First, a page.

On the day of the procedure, we arrived at the hospital and were treated extremely well. We met with the pediatric interventional cardiologist that would be performing her cath (for the first time) and really liked him. However, he is a realist and discusses all possible outcomes.  He told us about how tricky this procedure would be and how there was a chance of her needing open heart surgery before the day was through.  Kyle and I swallowed hard.  Although we knew that in the back of our heads, it was hard hearing it from the doctor's mouth.

At about 1145, our sweet girl was taken back to the OR. Kyle and I left to go downstairs for lunch.  Upon our return, the nurse requested an update for us. She told us "they are ballooning the stents now."  When she left, Kyle and I looked at each other and said, "well, surely she misheard or misunderstood."  We decided to tell people that they had started.  You see, in previous procedures, it took ~4 hours for the doctor to reach her artery.  So, in 1 hour, we found it very difficult to believe that they had already accomplished that.  Then, ~45 min later, the nurse practitioner peaked into our room and told us, "They're done. Just holding pressure."  I asked, "done?" in disbelief. She nodded and said, "yes. Dr. Kim will be out soon to explain everything."  Kyle and I literally sat with mouths wide open. My sister, who had come for a quick lunchtime visit, saw our state of shock and excused herself.  Soon, the doctor came and told us that it was "dare he say, incredibly easy."  He was able to dilate the stents from 5mm to 8mm and there were no complications.  He even did some "mapping" of her vessels since they got done so quickly.  He laughed and told us that "even a blind squirrel gets a nut now and then."  We appreciated his humor but continued to stare at each other in awe.  I finally said, "Kyle. I don't know what to say. God is so good. He's the miracle maker!" ...and like all emotionally unstable women, I busted out in tears. The happiest tears I've cried in quite some time.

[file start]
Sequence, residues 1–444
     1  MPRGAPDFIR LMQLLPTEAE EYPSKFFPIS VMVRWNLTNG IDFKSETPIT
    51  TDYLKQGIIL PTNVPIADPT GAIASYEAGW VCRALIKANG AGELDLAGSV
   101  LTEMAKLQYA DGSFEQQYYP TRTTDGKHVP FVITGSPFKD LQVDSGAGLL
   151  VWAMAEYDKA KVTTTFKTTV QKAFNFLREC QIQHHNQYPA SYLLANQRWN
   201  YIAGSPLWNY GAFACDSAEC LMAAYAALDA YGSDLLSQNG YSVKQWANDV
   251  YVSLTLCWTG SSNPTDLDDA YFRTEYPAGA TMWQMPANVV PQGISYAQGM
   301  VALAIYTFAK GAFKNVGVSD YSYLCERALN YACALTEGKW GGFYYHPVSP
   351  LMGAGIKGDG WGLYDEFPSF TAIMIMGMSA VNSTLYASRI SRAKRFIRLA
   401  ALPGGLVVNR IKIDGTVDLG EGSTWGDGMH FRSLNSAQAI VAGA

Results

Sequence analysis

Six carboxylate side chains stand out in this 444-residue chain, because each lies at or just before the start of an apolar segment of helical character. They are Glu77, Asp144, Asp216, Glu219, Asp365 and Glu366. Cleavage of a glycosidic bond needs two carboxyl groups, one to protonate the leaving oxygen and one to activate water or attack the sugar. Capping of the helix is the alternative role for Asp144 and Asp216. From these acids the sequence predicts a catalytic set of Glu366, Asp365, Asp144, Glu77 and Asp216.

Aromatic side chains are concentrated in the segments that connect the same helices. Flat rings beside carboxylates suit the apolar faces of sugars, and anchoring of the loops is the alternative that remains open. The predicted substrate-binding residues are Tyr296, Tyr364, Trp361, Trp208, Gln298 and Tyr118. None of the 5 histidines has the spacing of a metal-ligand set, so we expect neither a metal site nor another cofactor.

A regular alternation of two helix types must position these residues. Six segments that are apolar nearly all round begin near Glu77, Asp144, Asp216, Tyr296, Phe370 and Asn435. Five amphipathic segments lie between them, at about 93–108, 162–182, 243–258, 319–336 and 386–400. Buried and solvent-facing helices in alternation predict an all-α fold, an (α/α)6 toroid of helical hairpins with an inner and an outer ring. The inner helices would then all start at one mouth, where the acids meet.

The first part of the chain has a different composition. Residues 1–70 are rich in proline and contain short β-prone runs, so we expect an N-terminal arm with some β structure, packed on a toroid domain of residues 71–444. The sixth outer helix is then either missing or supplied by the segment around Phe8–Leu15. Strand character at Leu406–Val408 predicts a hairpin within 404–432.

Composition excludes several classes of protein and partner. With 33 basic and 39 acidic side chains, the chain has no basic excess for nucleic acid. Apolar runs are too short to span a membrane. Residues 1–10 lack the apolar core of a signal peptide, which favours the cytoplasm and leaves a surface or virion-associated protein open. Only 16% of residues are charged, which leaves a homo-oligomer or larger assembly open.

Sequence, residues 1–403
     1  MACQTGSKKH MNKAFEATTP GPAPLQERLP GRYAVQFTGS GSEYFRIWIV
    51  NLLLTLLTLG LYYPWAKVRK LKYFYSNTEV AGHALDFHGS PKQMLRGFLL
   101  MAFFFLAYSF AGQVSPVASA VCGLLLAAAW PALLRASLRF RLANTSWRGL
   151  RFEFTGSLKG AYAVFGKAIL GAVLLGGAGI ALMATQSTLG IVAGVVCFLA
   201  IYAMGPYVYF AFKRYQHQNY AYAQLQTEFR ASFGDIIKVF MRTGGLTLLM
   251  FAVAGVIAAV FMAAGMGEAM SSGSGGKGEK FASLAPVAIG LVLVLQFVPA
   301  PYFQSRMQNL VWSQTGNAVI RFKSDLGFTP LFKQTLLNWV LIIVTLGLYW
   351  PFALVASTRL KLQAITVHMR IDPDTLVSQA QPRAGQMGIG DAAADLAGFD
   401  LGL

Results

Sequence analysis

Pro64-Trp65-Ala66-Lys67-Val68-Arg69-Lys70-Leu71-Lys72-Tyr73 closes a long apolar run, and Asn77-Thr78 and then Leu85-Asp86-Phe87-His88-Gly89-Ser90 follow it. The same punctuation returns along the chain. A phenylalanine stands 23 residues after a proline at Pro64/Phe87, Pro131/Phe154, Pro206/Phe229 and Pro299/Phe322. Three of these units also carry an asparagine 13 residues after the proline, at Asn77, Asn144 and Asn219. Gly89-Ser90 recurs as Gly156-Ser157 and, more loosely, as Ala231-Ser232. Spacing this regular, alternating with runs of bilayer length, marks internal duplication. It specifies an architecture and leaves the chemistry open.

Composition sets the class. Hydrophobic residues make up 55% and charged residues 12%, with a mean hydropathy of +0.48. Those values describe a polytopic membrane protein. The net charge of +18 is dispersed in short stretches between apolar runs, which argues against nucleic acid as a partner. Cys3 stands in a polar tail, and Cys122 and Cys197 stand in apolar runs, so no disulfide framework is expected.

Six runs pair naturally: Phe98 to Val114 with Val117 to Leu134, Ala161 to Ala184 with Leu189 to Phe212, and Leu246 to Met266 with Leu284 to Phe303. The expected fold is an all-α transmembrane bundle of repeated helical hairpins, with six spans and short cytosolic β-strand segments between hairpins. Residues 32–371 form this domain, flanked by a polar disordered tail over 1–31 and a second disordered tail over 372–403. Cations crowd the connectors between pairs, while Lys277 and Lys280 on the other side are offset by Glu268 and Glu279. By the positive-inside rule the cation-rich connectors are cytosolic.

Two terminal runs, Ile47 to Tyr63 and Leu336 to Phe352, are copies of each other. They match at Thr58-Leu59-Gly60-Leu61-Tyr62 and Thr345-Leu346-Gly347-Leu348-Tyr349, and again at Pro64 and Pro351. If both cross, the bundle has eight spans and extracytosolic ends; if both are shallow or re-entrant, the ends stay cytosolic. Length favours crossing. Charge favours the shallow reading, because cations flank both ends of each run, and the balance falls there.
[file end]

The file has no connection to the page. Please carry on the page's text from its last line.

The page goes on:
God is so good. He took us from absolute chaos to miraculous outcome in 24 hours. And only He can do things like that.

Our sweet girl was so incredibly anxious this time. She did not want to eat for 36 hours before her procedure and actually got sick quite a few times from her nerves. While she is a courageous child, she is still human and did not like the unknown. She asked many difficult questions, such as "why do I have to do this? Why me? Nobody else in my class has a special heart."  Questions that she deserves to ask, but that here on Earth, this mama doesn't have a simple answer for. She was a trooper, though, and we are really proud of her.



Jesus looked at them and said, “With man this is impossible, but not with God; all things are possible with God.”
Mark 10:27

Until Next Time..
Love, Jen